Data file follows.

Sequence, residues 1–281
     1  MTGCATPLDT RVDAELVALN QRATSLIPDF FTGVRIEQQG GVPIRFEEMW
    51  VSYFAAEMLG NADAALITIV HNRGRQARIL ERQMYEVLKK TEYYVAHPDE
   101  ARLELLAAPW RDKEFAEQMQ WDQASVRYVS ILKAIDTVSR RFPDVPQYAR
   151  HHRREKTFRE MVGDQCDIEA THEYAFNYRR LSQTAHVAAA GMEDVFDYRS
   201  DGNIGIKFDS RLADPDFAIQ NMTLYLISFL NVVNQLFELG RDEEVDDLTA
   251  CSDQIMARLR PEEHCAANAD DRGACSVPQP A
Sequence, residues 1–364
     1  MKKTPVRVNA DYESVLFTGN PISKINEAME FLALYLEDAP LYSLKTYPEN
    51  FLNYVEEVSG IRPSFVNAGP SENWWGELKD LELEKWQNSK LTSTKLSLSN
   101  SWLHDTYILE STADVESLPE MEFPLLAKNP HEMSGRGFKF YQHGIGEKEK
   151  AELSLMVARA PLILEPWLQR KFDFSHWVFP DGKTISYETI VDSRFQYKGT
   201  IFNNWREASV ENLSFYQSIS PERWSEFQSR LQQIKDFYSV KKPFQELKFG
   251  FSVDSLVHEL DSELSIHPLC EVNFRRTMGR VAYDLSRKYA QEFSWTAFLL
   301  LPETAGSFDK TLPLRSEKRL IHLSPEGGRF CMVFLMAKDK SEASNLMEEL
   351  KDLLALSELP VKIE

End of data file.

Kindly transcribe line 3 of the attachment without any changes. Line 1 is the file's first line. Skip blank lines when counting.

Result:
    51  VSYFAAEMLG NADAALITIV HNRGRQARIL ERQMYEVLKK TEYYVAHPDE